E-cigarette vapour does not damage DNA, even at doses 28 times that of equivalent smoke exposure.
Several studies have compared the impact of e-cigarette vapour with that of cigarette smoke on cells and found that vapour has little or no effect.
New research proves that e-cigarette aerosol droplets are effectively delivered to cell surfaces in lab-based biological tests.
New research shows that e-cigarettes are as effective at delivering nicotine as conventional cigarettes, especially when used by experienced vapers.
BAT has won the award for the ‘Most Impressive Public Service Initiative’ at the Global Tobacco and Nicotine Forum (GTNF) conference in Brussels.
US-based biotech company IONTOX and British American Tobacco have entered into a collaboration to develop a lung-liver-lung model with a simulated blood system to study the impact of tobacco and nicotine products on lung health.
Understanding vaping behaviour is an essential first step towards understanding how vaping products are being used by consumers and the potential they may have to reduce harm caused by smoking.
Recent tests conducted by scientists at British American Tobacco (BAT) show that, in stark contrast to cigarette smoke, vapour from the commercially available e-cigarette Vype ePen is less toxic to, and does not cause oxidative stress1 in, human lung cells.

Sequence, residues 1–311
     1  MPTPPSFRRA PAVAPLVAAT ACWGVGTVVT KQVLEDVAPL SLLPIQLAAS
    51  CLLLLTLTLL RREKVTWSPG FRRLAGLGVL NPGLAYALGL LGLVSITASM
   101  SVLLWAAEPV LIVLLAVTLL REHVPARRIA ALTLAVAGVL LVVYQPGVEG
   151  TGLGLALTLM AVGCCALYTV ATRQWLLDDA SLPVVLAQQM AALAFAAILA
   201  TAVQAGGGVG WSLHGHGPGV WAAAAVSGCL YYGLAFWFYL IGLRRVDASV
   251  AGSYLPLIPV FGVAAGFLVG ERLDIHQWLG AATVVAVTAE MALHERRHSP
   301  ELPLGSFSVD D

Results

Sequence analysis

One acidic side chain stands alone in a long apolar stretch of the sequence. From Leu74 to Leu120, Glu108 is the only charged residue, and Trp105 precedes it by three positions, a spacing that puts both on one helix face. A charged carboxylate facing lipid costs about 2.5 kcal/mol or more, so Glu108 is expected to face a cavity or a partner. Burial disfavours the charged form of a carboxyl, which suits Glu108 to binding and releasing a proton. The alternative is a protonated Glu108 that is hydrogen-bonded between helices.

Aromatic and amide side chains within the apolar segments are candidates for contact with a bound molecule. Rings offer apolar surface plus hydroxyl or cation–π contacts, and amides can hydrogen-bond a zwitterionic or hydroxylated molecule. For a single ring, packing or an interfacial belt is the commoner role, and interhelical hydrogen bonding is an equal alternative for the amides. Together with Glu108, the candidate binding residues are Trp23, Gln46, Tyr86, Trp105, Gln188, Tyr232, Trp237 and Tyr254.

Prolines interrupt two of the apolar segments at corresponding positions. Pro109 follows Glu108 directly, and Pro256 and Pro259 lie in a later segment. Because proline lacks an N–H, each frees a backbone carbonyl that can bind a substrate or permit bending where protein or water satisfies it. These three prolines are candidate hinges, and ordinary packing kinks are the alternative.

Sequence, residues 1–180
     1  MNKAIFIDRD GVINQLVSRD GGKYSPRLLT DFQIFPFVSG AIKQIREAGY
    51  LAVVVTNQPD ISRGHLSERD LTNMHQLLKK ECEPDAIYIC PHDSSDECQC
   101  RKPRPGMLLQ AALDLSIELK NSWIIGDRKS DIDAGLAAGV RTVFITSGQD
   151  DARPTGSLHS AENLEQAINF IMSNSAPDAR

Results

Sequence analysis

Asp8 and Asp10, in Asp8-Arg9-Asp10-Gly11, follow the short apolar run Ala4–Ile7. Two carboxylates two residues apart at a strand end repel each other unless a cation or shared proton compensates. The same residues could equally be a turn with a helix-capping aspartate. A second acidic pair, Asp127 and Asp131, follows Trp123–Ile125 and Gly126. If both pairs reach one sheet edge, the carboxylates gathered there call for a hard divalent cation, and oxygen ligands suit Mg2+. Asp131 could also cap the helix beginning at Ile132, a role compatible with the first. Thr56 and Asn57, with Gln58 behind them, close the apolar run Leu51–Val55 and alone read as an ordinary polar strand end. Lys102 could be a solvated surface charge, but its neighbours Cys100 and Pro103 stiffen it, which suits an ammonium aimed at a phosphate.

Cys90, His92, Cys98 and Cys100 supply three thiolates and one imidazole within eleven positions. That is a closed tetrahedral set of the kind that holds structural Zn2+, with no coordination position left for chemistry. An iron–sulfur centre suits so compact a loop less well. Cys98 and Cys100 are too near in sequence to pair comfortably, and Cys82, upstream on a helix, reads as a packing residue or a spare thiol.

A comparison between the vapour from Vype ePen – a commercially available e-cigarette – and 3R4F – a reference cigarette – revealed substantial reductions in the e-Pen’s emissions for all toxicant groups measured.
Against a backdrop of a growing number of e-cigarette users globally*, British American Tobacco (BAT) is leading efforts to develop and harmonise standards around vaping products to further reassure consumers of these products potential in reducing the harm from smoking.
A culture of greater—not less— transparency in tobacco and tobacco-industry funded research is needed if we are to realise the reduced risk potential of e-cigarettes and other next generation products.
The impact of e-cigarettes was recently explored in BBC’s Horizon documentary, E-cigarettes: Miracle or Menace?, which concluded that e-cigarettes could benefit public health.
BAT presented its experience and approach to using biomarkers to assess the reduced-risk potential of novel tobacco and nicotine products at the US Food and Drug Administration’s workshop Biomarkers of Potential Harm (April 4-5).
BAT’s Pre-Clinical Assessment Manager, Dr Marinna Gaça, presented on Acute inhalation toxicity: in vitro and ex vivo systems in a webinar covering State-of-the-science, practical application, and dosimetry considerations for in vitro and ex vivo methods.
A regulatory mechanism that allows for a bridging approach between different variants of e-cigarettes and other next generation products is needed.
In-vitro testing of Vype vapour revealed no cell stress, DNA damage or malignant transformation.
BAT’s Chief Scientific Officer, Chris Proctor, is in San Diego at the Spring National Meeting of the American Chemical Society.
Hybrid device produces tobacco-flavoured aerosol with same characteristics as e-cigarette vapour.
Available today, British American Tobacco’s 2015 Science & Technology Report details significant strides in the science of tobacco harm reduction made by BAT’s R&D department over the last year.
Formaldehyde exposure from three different e-cigarette formats well below WHO air quality guideline.